Sam stopped, crouched. The redness was the remnant of a camp fire. There were other dying fires visible through the trees. The glowing embers revealed the shapes of dark buildings. Again a horse whinnied, but Sam could see no movement around the fires.
"Bayonets! Bayonets!" The order was a hoarse whisper.
Sam tugged his bayonet free of its scabbard. He had sharpened the blade to a wicked point in the dusk; now he slotted it over his musket's muzzle and twisted it into place. The grease that kept the bayonet free of rust was sticky on his palm. All around him he could hear the scrape and click of blades being fixed and it seemed impossible for the enemy not to hear, but still there was no shout or musket flash. Sam took a leather lace from his ammunition pouch. He tied one end around the blade's shoulder, and the other. he lashed to the musket's sling-swivel. Now no enemy, could seize and wrench the blade away, nor, twisting the bayonet free of dead flesh, would he lose the weapon to a corpse.
There was fear in Sam, but also exhilaration. He feared letting his comrades down, he feared Captain Kelly's disappointment or Sergeant Scammell's scorn, he feared his own fear, yet he also had the fire of a young man's pride inside him. They were the redcoated Bloodybacks, the kings of the castle, cocks of the dungheap, and soldiers of the King, and in a moment they would be unleashed like rough-pelted hounds to tear and savage the King's enemies.
Footsteps sounded to his right and Sam saw the tall dark shape of Sergeant Scammell pacing along the company's front. "You're not here to fucking dance with the buggers, you're here to kill the fuckers. You hear me?" Scammell's voice was a mere whisper, but still fearsome. Few men in the company liked Scammell, but even those who hated him were glad of his presence this night, for, in the confusion of battle, the Sergeant displayed a chilling efficiency. The embers of the enemy's camp fires reflected dull red on the steel of Scammell's seventeen-inch bayonet.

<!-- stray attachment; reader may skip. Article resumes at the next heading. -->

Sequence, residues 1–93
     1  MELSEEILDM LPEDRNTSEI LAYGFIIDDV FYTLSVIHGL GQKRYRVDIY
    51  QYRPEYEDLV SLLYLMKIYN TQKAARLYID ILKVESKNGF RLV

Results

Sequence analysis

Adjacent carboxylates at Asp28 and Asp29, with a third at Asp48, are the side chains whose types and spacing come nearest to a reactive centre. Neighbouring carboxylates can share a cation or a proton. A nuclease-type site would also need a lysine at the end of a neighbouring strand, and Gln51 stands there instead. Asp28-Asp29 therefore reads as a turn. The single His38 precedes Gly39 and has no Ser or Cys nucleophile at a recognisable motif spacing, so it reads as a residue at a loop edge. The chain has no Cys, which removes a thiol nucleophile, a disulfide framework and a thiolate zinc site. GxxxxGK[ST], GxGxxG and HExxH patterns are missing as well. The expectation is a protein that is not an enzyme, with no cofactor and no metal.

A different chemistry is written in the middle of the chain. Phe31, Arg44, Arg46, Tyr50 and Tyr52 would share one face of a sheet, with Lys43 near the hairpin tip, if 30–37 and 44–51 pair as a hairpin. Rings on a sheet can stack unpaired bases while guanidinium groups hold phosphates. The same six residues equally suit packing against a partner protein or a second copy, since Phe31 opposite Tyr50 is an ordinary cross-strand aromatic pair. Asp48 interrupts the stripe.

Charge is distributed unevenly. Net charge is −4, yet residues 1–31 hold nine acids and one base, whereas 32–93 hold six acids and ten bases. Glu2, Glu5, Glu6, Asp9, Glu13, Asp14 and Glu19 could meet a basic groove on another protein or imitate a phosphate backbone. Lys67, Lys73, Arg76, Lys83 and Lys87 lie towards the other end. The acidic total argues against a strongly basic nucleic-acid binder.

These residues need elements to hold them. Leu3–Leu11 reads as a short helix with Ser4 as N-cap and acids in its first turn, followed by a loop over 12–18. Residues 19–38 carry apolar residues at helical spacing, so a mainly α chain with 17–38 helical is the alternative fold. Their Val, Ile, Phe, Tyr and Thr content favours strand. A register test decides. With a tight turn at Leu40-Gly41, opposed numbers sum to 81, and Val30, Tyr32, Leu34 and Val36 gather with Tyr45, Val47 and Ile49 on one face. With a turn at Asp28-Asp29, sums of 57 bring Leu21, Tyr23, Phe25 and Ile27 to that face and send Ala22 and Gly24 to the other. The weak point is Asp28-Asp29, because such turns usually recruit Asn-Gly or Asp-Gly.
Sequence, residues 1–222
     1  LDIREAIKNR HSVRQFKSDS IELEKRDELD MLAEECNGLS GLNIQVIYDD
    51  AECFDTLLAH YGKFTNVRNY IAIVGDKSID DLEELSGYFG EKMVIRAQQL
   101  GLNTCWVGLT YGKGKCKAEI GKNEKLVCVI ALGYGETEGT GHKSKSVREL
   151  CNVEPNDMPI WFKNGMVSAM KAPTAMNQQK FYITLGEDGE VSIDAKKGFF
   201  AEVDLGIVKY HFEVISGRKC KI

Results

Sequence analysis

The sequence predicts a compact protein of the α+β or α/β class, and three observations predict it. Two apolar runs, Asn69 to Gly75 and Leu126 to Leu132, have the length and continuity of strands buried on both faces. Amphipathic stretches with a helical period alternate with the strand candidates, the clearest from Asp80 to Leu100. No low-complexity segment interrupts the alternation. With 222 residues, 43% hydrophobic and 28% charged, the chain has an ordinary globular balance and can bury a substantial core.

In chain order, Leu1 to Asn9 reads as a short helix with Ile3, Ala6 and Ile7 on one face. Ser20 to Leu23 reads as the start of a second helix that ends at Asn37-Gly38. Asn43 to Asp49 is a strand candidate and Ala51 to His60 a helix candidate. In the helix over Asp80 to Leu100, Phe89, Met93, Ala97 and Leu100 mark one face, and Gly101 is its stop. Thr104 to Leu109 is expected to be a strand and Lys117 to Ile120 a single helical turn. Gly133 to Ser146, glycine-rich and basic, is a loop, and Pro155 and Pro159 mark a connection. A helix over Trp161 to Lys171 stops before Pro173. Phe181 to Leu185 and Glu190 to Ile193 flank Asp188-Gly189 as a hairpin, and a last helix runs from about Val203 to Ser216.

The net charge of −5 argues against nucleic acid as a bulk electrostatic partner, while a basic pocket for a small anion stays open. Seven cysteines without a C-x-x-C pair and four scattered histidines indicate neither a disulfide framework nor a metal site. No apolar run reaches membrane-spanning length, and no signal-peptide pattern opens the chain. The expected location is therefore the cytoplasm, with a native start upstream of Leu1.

Sam fingered his own greased blade. It was a threesided bayonet, channeled to release blood so that the blade would not stick in flesh. It was not a weapon for cutting, but for stabbing. "Go for their bellies or throats," Scammell was whispering. "Don't tickle the bastards, kill diem!"
Captain Kelly and Ensign Trumbull had their sabres drawn. The two officers stood at the edge of the trees, staring at the enemy. Kelly was tall, quiet, and liked by the men Trumbull was thirteen, a schoolboy given an officer's coat: and despised. Sam saw the small twitching of the Ensign's sabre blade and knew the boy was nervous.
Sam's twin brother was Also nervous. "You'll stay Close, Sam?" Nate asked.Redcoat. Copyright © by Bernard Cornwell. Reprinted by permission of HarperCollins Publishers, Inc. All rights reserved. Available now wherever books are sold.
Most Helpful Customer Reviews
I discovered Bernard Cornwell when I read his four-book series on the American Civil War, the Nathaniel Starbuck Chronicles. I enjoyed his blending of factual historical events with his fictional characters which he used to put flesh and blood into events that shaped our country. I had hoped to experience the same with "Redcoat" and I was not disappointed.
While Sam Gilpin may be the main character of the story in the form of an English infantryman, a Redcoat, Cornwell includes an entire cast of characters from all spectrums of life in 1770's America. He gives a clear picture of life in that period from the foods they ate to the clothes they wore to their everyday routines. Added to that are insights into the personalities of both fictional characters and actual people who had a hand in shaping America's future.